Generations of Women in Conservation Inspiring Education at Hawk Mountain

Posted on in On the Mountain by Jamie Dawson, Director of Education

Jamie Dawson and Jane Goodall

As a little girl, I grew up reading books about my hero, Jane Goodall. I idolized Jane’s passion for manifesting her dreams of living in the wild, studying and protecting the animals that she loved so fiercely. I, too, dreamed of living at peace with the natural world and making a BIG positive difference to protect and save wildlife, just like Jane. Jane was a pioneer of her time, a fearless female conservation science crusader in a male-dominated world. Reading about how Jane persevered to overcome her professional challenges and hardships strengthened my resolve to succeed even when hurdles of self-doubt surfaced, especially during my first independent field research project studying wild howler monkeys in Belize. I remember trudging through the thick steamy jungle searching desperately for signs of the wild troop I was trying to locate for my study. I tried to swallow down the panicked waves of discouragement as days passed and I was still unable to find them. In my hopelessness, I remembered that Jane felt the same way when she was first searching for wild chimpanzees in Gombe National Park. She felt utter failure after six months had passed and she had not yet seen one chimpanzee. Just when she felt completely defeated, she had her first unexpected break through, a close encounter with the now famous chimpanzee, David Greybeard. The rest is conservation history. And, just as I was accepting defeat in my quest to find the elusive howler troop in the Belizean jungle, I was startled as a mysterious brownish-orange moist blob dropped from above and splattered onto a page of my open field notebook that I held in my hands—yup, it was poop. I slowly looked straight up high into the canopy and, as I strained my eyes to discern shadow from shape, there, directly above my head, was the troop! Never give up on your dreams.

I had always been an enthusiastic fan and admirer of Hawk Mountain, long before I became fortunate enough to call the sanctuary my workplace. With totally awesome trails, breath-taking views, and magnificent raptors—what’s not to love?! But, when I discovered that Rachel Carson, another female conservation warrior who I place on the highest pedestal, utilized data from Hawk Mountain’s long-term raptor migration count to deduce the link between the once commonly used pesticide DDT and dangerous declines in eagles and peregrine falcons through her ground-breaking book Silent Spring, my respect for the sanctuary skyrocketed to new heights. Silent Spring not only lead to the ban of DDT in the United States, but it is also credited with spurring the environmental movement leading to the creation of the Environmental Protection Agency. What an amazing contribution to conservation with boundless ripples of positive impacts not only for raptors, but for entire ecosystems and beyond. Now that is truly making a difference! And guess what, Hawk Mountain was founded by Rosalie Edge—a WOMAN—in 1934. That, too, is truly remarkable.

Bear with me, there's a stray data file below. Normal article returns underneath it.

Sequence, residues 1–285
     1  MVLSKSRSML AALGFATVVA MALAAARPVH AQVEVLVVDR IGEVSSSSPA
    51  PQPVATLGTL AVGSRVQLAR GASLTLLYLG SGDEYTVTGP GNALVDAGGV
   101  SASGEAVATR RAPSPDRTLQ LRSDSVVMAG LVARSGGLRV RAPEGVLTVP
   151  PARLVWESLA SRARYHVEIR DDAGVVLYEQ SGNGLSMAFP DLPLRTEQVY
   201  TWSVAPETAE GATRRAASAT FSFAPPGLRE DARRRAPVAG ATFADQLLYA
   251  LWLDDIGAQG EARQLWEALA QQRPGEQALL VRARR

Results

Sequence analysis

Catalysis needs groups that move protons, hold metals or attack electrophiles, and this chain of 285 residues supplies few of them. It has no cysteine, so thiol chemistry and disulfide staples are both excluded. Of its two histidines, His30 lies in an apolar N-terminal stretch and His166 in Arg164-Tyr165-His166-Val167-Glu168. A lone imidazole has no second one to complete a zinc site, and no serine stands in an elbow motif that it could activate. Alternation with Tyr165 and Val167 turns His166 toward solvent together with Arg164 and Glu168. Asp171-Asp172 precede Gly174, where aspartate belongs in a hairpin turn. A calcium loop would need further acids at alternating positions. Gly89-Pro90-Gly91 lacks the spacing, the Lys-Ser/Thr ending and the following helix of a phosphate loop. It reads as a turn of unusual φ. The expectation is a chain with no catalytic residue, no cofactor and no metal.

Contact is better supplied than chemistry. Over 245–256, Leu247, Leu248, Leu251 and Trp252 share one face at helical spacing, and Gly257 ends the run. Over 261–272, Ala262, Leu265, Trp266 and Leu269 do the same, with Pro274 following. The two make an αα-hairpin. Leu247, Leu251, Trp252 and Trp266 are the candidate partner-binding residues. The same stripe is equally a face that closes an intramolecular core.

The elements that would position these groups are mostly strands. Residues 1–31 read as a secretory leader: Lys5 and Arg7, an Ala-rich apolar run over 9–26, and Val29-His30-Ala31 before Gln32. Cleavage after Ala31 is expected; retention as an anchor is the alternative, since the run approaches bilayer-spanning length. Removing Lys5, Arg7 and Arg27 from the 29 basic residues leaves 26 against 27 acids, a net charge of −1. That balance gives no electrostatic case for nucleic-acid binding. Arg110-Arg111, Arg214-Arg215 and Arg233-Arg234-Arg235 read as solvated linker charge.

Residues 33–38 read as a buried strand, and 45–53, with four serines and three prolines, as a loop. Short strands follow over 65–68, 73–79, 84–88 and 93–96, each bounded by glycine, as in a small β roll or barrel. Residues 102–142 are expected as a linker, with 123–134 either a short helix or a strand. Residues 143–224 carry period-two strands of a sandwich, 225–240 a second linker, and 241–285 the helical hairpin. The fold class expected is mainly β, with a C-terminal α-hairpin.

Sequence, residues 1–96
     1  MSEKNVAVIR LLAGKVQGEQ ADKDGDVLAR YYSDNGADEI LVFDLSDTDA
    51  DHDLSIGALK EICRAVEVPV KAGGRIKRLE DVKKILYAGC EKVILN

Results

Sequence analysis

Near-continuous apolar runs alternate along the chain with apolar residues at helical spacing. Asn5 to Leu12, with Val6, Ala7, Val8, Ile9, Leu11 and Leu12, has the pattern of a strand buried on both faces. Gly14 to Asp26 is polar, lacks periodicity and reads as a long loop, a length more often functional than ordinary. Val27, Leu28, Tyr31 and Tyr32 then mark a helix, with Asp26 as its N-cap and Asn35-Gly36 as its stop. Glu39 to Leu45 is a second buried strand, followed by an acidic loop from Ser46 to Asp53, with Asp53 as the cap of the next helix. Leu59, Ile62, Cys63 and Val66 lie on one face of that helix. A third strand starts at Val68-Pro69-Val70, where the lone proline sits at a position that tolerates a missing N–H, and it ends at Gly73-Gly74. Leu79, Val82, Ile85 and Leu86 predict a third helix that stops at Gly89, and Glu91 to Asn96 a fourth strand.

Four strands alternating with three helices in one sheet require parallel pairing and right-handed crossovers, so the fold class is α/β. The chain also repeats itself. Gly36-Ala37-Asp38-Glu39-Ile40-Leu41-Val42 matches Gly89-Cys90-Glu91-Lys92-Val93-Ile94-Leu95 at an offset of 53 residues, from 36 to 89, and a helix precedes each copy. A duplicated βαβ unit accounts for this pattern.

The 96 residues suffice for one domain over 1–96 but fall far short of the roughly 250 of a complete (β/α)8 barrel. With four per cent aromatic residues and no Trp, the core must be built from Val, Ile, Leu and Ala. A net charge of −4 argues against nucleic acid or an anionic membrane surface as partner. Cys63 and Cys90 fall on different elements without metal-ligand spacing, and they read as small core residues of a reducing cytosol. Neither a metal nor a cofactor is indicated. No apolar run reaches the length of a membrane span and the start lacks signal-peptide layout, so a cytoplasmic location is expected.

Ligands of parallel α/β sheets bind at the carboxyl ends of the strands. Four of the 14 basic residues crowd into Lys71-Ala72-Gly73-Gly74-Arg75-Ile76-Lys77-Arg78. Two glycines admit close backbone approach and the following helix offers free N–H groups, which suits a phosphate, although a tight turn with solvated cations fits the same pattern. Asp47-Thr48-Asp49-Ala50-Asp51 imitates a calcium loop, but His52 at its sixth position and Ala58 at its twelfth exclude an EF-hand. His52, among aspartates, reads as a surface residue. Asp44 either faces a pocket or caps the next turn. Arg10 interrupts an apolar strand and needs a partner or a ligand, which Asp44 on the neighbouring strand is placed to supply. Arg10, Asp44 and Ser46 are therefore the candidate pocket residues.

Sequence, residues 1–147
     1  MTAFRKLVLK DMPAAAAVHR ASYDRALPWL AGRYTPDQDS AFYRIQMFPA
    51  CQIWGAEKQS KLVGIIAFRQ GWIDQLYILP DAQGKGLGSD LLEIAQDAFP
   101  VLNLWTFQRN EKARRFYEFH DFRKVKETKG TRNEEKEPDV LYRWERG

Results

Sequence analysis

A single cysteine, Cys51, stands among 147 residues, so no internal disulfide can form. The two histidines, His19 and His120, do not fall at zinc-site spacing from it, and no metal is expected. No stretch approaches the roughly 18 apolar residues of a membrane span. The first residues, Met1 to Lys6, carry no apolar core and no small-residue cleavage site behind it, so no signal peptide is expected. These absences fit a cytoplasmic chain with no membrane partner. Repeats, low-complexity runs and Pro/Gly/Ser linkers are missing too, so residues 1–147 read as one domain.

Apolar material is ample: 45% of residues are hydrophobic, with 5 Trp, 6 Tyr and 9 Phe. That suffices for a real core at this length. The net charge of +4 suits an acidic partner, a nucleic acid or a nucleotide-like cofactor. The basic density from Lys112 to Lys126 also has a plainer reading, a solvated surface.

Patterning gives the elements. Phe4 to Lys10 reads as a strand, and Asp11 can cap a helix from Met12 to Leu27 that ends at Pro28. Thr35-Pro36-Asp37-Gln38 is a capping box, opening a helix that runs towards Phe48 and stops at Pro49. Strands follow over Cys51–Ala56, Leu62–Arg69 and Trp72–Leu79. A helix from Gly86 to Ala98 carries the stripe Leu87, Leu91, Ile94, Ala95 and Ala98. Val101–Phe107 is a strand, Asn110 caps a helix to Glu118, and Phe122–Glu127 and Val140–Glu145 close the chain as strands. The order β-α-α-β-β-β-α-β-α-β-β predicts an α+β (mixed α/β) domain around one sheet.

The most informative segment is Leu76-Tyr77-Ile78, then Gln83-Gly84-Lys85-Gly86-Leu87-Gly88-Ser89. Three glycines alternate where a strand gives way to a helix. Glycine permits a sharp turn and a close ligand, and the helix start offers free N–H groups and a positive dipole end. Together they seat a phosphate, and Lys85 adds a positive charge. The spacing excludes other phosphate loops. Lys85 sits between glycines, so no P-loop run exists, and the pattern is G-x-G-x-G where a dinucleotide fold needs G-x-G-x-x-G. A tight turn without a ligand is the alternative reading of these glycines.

Jamie Hosting a Trail-side Education Program to Students

As a new hire in 2018, I dove into Hawk Mountain literary classics, such as Broun’s Hawks Aloft and Furmansky’s Rosalie Edge, Hawk of Mercy to learn as much as I could about the history of the world’s first refuge for birds of prey—a place that I am so very proud to be a part of. Reading the story of Rosalie’s courageous journey to establish Hawk Mountain Sanctuary during an era when hawk shooting was a popular sport in a masculine-run world moved me deeply at an emotional level. Here was yet another female force of nature accomplishing seemingly impossible feats, against all odds, in the name of conservation. Rosalie Edge was an indomitable conservation heroine.

I remember presenting one of my first education programs to a school group in the gallery of Hawk Mountain’s Visitor Center. I stood before the students holding up large black and white historical photos depicting the story of the Sanctuary’s genesis. Just as I was holding up the photo of Rosalie Edge dressed in her 1930s high-class attire with a long skirt, dress jacket, hat, elegant white gloves, fashionable dragonfly brooch, and a large hawk perched on her arm, I glanced up into the bookstore balcony of the gallery. There, behind the railing, stood Rosalie’s granddaughter Deborah Edge, watching my presentation. I was star-struck to be in the presence of such a conservation legacy. I took a breath, smiled, and continued telling the students how Rosalie turned an infamous shooting ground into a renowned Sanctuary that has grown to be a global leader in raptor conservation, science, and education. My hope that in hearing this true story and experiencing the magic of the mountain, youth are empowered with the conviction that they too can make a positive difference and find the strength to stand up for what they believe in and protect the natural world, just like Rosalie.